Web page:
Document Detail


Combined associations of prepregnancy body mass index and gestational weight gain with the outcome of pregnancy.
MedLine Citation:
PMID:  18541565     Owner:  NLM     Status:  MEDLINE    
Abstract/OtherAbstract:
BACKGROUND: Although both maternal prepregnancy body mass index (BMI) and gestational weight gain (GWG) may affect birth weight, their separate and joint associations with complications of pregnancy and delivery and with postpartum weight retention are unclear. OBJECTIVES: We aimed to investigate the combined associations of prepregnancy BMI and GWG with pregnancy outcomes and to evaluate the trade-offs between mother and infant for different weight gains. DESIGN: Data for 60892 term pregnancies in the Danish National Birth Cohort were linked to birth and hospital discharge registers. Self-reported total GWG was categorized as low (<10 kg), medium (10-15 kg), high (16-19 kg), or very high (>or=20 kg). Adjusted associations of prepregnancy BMI and GWG with outcomes of interest were estimated by logistic regression analyses. RESULTS: High and very high GWG added to the associations of high prepregnancy BMI with cesarean delivery and were strongly associated with high postpartum weight retention. Moreover, greater weight gains and high maternal BMI decreased the risk of growth restriction and increased the risk of the infant's being born large-for-gestational-age or with a low Apgar score. Generally, low GWG was advantageous for the mother, but it increased the risk of having a small baby, particularly for underweight women. CONCLUSIONS: Heavier women may benefit from avoiding high and very high GWG, which brings only a slight increase in the risk of growth restriction for the infant. High weight gain in underweight women does not appear to have deleterious consequences for them or their infants, but they may want to avoid low GWG to prevent having a small baby.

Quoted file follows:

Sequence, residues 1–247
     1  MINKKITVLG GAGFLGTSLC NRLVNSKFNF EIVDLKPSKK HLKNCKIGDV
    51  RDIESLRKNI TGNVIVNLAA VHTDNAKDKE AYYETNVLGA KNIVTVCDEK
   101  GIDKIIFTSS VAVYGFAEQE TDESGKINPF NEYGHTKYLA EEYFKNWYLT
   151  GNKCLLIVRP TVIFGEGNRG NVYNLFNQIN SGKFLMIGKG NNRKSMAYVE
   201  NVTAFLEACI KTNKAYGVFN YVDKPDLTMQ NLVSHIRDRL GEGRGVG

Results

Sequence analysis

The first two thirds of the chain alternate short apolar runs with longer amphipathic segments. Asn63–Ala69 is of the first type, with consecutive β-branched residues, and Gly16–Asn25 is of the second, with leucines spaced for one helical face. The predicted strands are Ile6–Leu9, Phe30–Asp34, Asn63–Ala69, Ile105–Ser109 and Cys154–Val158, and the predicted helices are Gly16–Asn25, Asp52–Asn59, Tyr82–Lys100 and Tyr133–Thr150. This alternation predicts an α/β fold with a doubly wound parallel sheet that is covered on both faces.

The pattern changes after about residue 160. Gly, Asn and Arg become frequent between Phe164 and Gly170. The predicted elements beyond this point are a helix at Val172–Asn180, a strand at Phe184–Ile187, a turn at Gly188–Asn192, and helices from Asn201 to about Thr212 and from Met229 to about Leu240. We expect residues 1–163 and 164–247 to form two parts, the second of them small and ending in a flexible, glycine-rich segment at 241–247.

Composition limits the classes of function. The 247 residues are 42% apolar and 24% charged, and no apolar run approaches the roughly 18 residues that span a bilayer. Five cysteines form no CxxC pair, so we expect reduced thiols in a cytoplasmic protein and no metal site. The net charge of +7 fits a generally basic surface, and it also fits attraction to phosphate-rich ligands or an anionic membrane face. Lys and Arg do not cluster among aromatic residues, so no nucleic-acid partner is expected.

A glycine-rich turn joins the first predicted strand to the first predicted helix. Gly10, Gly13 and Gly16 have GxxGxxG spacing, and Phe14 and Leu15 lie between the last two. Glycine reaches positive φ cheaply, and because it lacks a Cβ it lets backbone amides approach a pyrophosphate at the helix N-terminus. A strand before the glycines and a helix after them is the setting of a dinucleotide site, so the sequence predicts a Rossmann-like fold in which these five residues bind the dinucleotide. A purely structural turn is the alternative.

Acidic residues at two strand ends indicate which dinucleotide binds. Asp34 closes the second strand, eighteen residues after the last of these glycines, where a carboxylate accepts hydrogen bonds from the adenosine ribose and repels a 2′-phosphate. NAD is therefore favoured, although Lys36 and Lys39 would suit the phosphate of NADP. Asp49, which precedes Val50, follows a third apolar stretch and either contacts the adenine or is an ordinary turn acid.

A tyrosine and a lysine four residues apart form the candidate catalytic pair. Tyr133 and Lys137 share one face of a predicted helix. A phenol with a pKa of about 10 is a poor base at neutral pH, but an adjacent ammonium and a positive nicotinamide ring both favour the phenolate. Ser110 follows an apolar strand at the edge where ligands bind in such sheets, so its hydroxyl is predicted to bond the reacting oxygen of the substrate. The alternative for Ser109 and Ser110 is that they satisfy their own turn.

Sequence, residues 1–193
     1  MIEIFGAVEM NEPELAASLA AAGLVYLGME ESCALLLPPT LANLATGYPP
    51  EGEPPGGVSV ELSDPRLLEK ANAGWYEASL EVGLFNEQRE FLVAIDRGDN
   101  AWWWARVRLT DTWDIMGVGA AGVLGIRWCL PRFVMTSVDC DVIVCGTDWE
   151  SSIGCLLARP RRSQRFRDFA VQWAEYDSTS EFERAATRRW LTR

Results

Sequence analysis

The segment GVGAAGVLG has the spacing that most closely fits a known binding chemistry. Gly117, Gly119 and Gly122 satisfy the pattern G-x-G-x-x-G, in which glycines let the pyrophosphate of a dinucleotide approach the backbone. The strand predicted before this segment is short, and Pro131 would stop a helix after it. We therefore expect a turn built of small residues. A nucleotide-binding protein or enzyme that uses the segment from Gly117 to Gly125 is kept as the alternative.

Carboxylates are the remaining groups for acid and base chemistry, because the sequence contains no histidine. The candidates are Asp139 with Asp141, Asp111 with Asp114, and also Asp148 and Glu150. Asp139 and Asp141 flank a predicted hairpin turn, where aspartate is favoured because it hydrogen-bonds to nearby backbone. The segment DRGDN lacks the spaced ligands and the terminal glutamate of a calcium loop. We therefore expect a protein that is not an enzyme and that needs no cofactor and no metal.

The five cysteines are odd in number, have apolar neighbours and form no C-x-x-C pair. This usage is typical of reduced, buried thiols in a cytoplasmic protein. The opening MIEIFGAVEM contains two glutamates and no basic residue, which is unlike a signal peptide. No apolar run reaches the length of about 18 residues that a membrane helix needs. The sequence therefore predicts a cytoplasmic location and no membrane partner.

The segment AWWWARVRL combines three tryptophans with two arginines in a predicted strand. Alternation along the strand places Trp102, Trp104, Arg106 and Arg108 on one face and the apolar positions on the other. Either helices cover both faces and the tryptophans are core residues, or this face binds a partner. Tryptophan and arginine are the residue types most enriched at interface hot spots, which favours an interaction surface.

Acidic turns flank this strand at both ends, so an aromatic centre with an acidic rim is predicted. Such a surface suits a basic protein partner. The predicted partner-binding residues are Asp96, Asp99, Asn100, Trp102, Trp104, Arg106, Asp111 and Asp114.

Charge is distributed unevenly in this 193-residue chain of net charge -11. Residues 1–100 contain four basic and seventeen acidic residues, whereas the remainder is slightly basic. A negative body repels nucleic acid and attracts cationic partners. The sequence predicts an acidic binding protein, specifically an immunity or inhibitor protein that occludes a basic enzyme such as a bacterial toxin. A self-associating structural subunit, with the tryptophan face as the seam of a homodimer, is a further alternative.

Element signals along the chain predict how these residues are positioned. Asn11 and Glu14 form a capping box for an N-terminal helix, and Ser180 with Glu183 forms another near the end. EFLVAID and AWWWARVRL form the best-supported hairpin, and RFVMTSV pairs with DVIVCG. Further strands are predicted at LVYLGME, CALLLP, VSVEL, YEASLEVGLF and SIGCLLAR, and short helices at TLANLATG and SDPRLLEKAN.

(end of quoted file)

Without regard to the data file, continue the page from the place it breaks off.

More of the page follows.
Authors:
Ellen A Nohr; Michael Vaeth; Jennifer L Baker; Thorkild Ia Sørensen; Jorn Olsen; Kathleen M Rasmussen
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Publication Detail:
Type:  Journal Article; Research Support, Non-U.S. Gov't    
Journal Detail:
Title:  The American journal of clinical nutrition     Volume:  87     ISSN:  1938-3207     ISO Abbreviation:  Am. J. Clin. Nutr.     Publication Date:  2008 Jun 
Date Detail:
Created Date:  2008-06-10     Completed Date:  2008-08-01     Revised Date:  2009-05-15    
Medline Journal Info:
Nlm Unique ID:  0376027     Medline TA:  Am J Clin Nutr     Country:  United States    
Other Details:
Languages:  eng     Pagination:  1750-9     Citation Subset:  AIM; IM    
Affiliation:
Department of Epidemiology, Institute of Public Health, University of Aarhus, Aarhus, Denmark. ean@soci.au.dk
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MeSH Terms
Descriptor/Qualifier:
Adult
Body Mass Index*
Cohort Studies
Denmark
Female
Humans
Interviews as Topic
Obesity / physiopathology
Overweight / physiopathology
Parity
Pregnancy / physiology*
Pregnancy Outcome*
Pregnancy Trimester, Second
Pregnancy Trimester, Third
Weight Gain*
Comments/Corrections
Erratum In:
Am J Clin Nutr. 2008 Dec;88(6):1705

From MEDLINE®/PubMed®, a database of the U.S. National Library of Medicine


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